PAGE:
In rural India and Pakistan, hysterectomies are performed by non-specialist surgeons or general practitioners. Women are likely to suffer far worse outcomes of the surgery in contexts where aftercare is non-existent and general poverty levels are high.
In many parts of the world, and throughout history, the surgery has been performed without considering a woman’s social, health, or economic background or even without her consent.
Black women in the US are more likely to undergo hysterectomies than other women. Australian Aboriginal women in Western Australia have been more commonly hysterectomised than other Western Australian women.
As recently as 2012, Romani women who were hysterectomised as a form of coercive sterilisation were still pursuing reparations.
Even in the last three years, media reports of non-consensual hysterectomies performed on women in immigration detention centres in the US have emerged.
Hysterectomies have disproportionately impacted the most disadvantaged women and have frequently been concentrated in populations that are already marginalised on the basis of race, ethnicity, age, criminality, disability, gender deviation, lower class, caste or poverty.
Perhaps understandably, black American women have been more sceptical of doctors’ recommendations of hysterectomy.
Because hysterectomy remains widely prescribed as a therapeutic surgery for multiple benign conditions, it may be used to mask sterilisation practices that would otherwise draw attention as violations of human rights, such as in the gynaecological treatment of women and girls living with intellectual disabilities.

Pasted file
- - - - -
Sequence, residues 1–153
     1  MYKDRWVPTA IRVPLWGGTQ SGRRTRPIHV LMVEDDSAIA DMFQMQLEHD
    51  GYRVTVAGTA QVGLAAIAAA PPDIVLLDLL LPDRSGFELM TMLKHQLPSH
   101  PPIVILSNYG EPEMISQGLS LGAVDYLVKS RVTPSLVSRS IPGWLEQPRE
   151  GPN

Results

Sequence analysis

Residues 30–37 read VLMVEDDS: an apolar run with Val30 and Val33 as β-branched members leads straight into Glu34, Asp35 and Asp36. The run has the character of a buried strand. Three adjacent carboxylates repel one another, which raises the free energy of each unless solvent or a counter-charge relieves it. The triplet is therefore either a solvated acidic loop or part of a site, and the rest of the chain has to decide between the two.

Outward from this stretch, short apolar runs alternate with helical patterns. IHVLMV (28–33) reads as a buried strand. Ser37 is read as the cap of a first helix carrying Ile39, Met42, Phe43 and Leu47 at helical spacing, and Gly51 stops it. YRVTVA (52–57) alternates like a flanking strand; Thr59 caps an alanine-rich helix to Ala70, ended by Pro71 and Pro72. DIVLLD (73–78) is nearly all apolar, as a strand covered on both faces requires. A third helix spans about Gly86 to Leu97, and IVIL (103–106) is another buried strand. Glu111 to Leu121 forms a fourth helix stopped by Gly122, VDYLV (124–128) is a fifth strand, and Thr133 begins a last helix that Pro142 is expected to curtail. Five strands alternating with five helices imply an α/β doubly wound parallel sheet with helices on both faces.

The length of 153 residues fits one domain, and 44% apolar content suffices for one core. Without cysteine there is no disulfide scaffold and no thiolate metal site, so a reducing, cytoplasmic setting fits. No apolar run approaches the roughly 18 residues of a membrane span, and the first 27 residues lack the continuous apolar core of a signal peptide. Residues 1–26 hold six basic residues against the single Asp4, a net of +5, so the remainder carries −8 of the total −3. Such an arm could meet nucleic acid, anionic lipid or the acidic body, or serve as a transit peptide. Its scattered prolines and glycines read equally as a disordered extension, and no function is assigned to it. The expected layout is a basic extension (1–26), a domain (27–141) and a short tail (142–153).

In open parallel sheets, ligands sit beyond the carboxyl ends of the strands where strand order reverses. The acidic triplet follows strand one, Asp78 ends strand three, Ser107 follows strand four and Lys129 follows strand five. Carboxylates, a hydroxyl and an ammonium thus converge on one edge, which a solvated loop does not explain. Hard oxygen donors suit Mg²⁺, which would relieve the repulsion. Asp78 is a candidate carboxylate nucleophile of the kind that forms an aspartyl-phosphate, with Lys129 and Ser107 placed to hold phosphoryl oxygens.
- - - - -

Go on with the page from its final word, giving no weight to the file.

Monitoring by public health agencies, with investigations for higher rates in specific populations, would help to prevent this from happening.
Doctor’s wives are less likely to receive them than women in the general population. Both these things suggest that gender biases may be partly responsible for unnecessary hysterectomies.
Safety of surgery and post-surgical recovery are not the only concerns about hysterectomy. Data indicate a greater chance of multiple diseases in older women whose uterus had been removed before menopause, including Alzheimer’s disease, other forms of dementia, hypertension, stroke, other cardiovascular diseases, thyroid cancer, new mental health problems, and ‘multi-morbidity’.
Emerging links between hysterectomy and diseases of age raise the question of whether unnecessary hysterectomy should be the default, recommended as the first line of treatment for uterine fibroids and other non-cancerous conditions.
Clinician training needs to take account of this new evidence. The risk of these potential detriments may be just as important for many patients as the equally hypothetical risk of reproductive cancers.
Gynaecology teaching in universities might also include greater consideration of the diverse experiences of hysterectomy in different cultural and historical contexts to ensure that clinicians appreciate how the surgery has disproportionately impacted women from the most disadvantaged backgrounds.
Currently, there is little evidence of such content in university curricula.
Alison Downham Moore is an associate dean of research in the School of Humanities and Communication Arts at Western Sydney University, and an associate professor of History and Medical Humanities in the Translational Health Institute.
Article courtesy of 360info.